French bank Societe Generale reported an 86.3-percent plunge in net profit in the third quarter on Thursday to 85 million euros ($108.6 million), blaming exceptional items but doing better than analysts had expected.
The results were hit by a charge of 389 million euros arising from a revaluation of its loan risks and for losses from the divestment of subsidiaries.
These divestment charges were 130 million euros for Greek subsidiary Geniki and 92 million euros for US unit TCW.
Analysts polled by Dow Jones Newswires had expected a net figure for the quarter of 75 million euros.
The price of shares in the bank was showing a gain of 3.03 percent to 25.34 euros in early trading, in an overall French market which was up 0.59 percent.
The bank said that before allowing for exceptional items, the net result was 856 million euros.
Net banking income, a key measure of performance of a bank reflecting the difference between the cost of taking in money and the price of lending it out, fell by 17.0 percent to 5.40 billion euros. Analysts had expected 5.43 billion euros.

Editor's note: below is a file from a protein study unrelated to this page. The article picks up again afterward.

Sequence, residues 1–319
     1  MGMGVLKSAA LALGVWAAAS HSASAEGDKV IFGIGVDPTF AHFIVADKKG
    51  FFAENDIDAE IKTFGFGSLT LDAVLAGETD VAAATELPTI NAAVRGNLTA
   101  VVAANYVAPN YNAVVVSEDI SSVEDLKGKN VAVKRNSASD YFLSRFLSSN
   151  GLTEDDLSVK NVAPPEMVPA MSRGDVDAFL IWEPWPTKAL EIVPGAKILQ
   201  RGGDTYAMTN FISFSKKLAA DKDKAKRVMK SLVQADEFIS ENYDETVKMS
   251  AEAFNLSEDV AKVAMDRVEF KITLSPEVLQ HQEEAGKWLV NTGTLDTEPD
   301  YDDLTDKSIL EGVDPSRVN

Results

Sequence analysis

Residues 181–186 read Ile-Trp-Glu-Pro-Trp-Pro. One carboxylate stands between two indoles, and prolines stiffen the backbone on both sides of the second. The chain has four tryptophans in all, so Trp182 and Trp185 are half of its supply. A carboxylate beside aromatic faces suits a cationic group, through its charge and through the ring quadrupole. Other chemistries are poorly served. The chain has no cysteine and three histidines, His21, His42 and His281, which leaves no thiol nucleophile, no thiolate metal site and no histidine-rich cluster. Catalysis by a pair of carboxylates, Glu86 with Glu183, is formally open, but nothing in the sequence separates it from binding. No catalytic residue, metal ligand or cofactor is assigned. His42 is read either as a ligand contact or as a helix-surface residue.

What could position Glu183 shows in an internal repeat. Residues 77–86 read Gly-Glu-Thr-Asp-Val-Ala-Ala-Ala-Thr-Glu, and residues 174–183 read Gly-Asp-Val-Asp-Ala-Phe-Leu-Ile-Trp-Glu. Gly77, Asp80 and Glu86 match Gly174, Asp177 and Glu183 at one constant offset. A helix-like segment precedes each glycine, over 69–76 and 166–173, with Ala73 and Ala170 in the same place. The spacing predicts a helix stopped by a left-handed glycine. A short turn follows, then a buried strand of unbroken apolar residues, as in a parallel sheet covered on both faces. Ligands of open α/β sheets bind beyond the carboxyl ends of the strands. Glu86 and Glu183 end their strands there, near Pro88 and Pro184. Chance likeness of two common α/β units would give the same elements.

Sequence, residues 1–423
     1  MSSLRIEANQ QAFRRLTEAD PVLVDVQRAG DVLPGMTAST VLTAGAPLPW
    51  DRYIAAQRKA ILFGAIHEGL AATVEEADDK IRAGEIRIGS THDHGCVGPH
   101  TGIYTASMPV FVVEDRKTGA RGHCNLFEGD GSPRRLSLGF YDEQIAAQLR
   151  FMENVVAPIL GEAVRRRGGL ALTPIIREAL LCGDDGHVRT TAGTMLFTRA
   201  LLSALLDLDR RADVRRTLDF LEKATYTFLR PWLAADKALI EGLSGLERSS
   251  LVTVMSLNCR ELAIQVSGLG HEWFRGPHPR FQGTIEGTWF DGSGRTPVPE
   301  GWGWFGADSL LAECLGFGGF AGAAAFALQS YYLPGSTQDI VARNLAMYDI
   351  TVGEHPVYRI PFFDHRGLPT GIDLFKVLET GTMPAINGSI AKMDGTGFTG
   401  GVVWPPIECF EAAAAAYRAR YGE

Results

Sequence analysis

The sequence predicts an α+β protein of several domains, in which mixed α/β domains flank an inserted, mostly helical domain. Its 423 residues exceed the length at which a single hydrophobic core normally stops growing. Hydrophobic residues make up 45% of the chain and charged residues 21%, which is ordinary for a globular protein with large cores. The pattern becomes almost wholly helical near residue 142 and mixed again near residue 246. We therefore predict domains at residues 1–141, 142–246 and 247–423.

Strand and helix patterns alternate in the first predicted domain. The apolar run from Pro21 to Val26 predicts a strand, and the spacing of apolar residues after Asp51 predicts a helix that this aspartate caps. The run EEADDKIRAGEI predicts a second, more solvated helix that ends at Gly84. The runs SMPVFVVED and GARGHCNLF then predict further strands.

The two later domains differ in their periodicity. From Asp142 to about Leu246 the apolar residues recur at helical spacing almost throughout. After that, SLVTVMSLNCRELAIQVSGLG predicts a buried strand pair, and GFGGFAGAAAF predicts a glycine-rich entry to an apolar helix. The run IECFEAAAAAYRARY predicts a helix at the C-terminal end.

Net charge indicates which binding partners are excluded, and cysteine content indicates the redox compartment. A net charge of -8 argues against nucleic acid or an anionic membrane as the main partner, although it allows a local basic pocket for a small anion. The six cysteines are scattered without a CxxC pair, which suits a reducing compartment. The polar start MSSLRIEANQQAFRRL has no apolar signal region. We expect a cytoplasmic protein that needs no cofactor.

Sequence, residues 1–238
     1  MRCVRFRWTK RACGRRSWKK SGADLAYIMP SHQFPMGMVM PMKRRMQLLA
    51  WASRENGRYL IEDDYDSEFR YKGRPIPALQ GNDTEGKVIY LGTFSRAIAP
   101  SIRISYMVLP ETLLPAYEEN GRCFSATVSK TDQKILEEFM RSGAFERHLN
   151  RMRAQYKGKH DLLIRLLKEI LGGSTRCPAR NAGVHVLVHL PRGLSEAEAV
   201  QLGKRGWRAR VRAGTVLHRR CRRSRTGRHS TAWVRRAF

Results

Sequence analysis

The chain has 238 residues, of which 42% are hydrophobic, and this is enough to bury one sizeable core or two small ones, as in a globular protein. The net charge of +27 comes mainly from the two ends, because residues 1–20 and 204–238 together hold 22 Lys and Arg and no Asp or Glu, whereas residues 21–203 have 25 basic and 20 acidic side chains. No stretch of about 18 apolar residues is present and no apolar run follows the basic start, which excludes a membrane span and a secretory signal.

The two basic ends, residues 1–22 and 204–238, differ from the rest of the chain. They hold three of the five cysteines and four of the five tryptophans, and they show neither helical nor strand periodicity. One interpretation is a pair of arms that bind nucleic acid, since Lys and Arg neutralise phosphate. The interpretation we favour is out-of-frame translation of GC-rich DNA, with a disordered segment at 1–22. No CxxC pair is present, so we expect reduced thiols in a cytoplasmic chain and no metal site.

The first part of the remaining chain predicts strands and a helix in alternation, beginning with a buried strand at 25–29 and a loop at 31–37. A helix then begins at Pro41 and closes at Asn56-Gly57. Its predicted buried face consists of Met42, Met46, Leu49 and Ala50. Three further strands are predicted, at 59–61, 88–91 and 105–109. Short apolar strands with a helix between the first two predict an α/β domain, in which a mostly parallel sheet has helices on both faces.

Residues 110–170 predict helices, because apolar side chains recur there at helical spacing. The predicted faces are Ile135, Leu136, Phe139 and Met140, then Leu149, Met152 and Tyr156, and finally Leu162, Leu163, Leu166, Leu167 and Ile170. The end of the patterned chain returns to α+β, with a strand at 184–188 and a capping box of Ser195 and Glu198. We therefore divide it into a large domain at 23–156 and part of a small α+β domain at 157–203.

The bank said that with regard to a programme to reduce the size of its balance sheet, it had completed the sale of instruments by its financing and investment arm, with a total of 16 billion euros' worth of assets sold since June 2011.
At the end of September the ratio of core capital to risks underwritten was 10.3 percent, an increase of 0.39 percentage points in three months.
It stood by its target of a capital ratio of 9.0-9.5 percent at the end of 2013, under the new so-called Basel III banking standards which come fully into effect at the end of 2018.
Chief executive Frederic Oudea said: "Societe Generale has completed a new stage in its process of change, marked particularly by the success of its plan to adapt the bank for financing and investment and the programme for disposing of assets."
The retail banking arm in France had experienced a slowing of activity which reflected the still gloomy economic climate, the bank said.